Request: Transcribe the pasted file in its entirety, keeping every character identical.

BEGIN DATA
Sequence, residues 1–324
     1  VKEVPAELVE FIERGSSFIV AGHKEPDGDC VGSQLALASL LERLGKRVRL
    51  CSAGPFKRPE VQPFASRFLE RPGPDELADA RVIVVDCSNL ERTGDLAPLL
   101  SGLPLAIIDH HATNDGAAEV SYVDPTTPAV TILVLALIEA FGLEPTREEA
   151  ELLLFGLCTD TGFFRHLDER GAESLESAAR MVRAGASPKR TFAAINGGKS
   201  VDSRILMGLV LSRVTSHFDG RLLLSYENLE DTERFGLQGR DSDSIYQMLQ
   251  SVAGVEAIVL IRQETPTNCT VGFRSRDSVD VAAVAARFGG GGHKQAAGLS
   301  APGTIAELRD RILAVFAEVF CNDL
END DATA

Sequence, residues 1–324
     1  VKEVPAELVE FIERGSSFIV AGHKEPDGDC VGSQLALASL LERLGKRVRL
    51  CSAGPFKRPE VQPFASRFLE RPGPDELADA RVIVVDCSNL ERTGDLAPLL
   101  SGLPLAIIDH HATNDGAAEV SYVDPTTPAV TILVLALIEA FGLEPTREEA
   151  ELLLFGLCTD TGFFRHLDER GAESLESAAR MVRAGASPKR TFAAINGGKS
   201  VDSRILMGLV LSRVTSHFDG RLLLSYENLE DTERFGLQGR DSDSIYQMLQ
   251  SVAGVEAIVL IRQETPTNCT VGFRSRDSVD VAAVAARFGG GGHKQAAGLS
   301  APGTIAELRD RILAVFAEVF CNDL